The increasing trend of circular economy is spreading across multiple fields and tasks of everyday life, food sphere included. More and more proposals are coming from companies of any sector, especially from start-ups, to turn food surplus into a useful resource for communities. What is normally considered as wastage could not only be reintroduced into a virtuous circle of consumption, but might also represent a proficuous income for businesses. A great advantage to add to many other benefits carried by food recovery.
In this sense, technology is bringing a significant contribution to make all these initiatives and services accessible to anyone. And when talking about anyone, we are not mentioning just consumers: following the same inclusive logic of circular economy, stakeholders might embody even producers, retailers and restaurateurs.
We could think about algorithms and hardwares, but connecting this broader group of users is less complicated that anyone could imagine: it only takes a touch, indeed. One of the easiest, handiest and most accessible device that technology could offer in support of food recovery is the app.
Many young and proactive entrepreneurs choose it as a tool to take their idea into practice. Like the Finnish team of ResQ-club, whose idea is to allow restaurants to sell their exceeding preparations at lower prices -rather than throwing them away. By pinpointing the user’s position, the app can tell which are the closest restaurants and what they are selling. ResQ-club is operating in several cities in North Europe and from January 2016 it has saved over 25000 kg of food from waste.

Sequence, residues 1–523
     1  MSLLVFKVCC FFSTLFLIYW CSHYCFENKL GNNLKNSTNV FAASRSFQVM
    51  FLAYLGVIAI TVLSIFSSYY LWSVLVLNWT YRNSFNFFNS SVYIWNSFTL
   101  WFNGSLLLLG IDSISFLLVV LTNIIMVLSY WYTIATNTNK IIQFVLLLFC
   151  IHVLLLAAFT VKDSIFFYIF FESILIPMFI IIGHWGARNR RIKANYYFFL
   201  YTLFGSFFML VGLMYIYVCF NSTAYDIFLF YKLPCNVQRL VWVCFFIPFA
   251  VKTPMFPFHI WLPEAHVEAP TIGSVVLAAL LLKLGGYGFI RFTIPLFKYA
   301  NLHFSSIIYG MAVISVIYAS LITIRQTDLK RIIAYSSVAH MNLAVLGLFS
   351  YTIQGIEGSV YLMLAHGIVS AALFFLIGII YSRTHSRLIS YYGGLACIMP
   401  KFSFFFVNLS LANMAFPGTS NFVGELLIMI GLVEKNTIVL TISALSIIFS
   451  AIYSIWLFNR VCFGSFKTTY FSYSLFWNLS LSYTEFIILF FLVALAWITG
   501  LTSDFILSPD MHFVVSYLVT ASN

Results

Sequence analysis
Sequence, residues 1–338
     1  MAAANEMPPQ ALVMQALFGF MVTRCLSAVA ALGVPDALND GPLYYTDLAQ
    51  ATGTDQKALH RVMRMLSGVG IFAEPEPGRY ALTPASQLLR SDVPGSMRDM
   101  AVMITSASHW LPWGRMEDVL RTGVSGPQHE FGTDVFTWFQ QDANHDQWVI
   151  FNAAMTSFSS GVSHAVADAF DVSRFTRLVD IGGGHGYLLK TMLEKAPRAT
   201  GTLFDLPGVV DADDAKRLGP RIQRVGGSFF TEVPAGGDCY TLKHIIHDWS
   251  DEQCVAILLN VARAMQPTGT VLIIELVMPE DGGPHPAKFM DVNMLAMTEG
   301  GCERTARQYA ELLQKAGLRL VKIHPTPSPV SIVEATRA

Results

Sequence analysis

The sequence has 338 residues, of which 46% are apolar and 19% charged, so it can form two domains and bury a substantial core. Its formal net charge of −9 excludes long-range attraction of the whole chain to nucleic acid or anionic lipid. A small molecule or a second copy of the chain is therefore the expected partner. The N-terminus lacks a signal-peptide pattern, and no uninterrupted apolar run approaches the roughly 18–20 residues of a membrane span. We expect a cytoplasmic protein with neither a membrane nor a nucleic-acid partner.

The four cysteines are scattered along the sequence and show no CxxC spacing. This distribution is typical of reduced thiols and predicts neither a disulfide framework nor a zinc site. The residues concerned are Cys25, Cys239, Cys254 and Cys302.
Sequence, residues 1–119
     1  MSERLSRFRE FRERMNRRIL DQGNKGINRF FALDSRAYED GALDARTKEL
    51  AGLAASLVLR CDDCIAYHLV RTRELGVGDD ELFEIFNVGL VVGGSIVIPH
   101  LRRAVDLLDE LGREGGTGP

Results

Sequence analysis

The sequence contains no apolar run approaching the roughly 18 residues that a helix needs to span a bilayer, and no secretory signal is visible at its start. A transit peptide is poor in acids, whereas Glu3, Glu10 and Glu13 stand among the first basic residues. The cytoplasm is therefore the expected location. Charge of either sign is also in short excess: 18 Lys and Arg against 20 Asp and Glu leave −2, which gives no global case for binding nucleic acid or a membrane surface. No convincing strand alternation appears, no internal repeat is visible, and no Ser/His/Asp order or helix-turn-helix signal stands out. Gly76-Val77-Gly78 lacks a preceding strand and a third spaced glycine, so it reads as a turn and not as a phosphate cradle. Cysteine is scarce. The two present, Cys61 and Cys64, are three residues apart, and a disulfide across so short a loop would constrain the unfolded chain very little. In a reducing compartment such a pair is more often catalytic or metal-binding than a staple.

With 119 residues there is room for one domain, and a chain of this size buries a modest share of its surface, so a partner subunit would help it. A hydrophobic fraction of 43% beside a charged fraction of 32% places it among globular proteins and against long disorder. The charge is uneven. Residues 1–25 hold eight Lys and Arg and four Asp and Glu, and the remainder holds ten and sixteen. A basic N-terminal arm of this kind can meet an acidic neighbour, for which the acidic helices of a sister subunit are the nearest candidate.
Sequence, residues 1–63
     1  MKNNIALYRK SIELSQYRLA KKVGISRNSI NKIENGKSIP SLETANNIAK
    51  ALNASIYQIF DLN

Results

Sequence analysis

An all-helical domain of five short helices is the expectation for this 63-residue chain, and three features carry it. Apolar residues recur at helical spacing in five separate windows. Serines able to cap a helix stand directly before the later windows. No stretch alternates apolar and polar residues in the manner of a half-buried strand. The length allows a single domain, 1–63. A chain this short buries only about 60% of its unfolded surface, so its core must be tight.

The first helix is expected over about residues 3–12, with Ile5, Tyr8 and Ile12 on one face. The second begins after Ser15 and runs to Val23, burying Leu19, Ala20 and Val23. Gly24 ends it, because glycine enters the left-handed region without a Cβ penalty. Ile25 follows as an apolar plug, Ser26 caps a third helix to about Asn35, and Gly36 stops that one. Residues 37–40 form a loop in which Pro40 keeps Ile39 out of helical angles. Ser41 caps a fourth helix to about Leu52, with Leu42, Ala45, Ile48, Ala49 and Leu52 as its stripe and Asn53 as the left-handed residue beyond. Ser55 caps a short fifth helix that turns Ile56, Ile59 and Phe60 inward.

A similar example comes from the Danish team of Too Good To Go, whose app connects restaurant willing to sell their unsold food. The app immediately found an international success: it quickly spread even outside Denmark, and reached more than 550.000 users across Europe. It is currently available in Germany, France, Uk and Norway, and has saved 8500 meals so far.
Useful tools and ideas are coming to the aid of charity as well. Like Food Cowboy, an app developed in Texas, that allows charity organizations to collect entire food boxes and pallets rejected from big distribution warehouses.
Taken by granted the permeation of technology in our everyday lives, the usability and the accessibility of these devices could only guarantee an increasing number of users from different realities, and significantly support the fight against food waste.
photo credits: Too Good To Go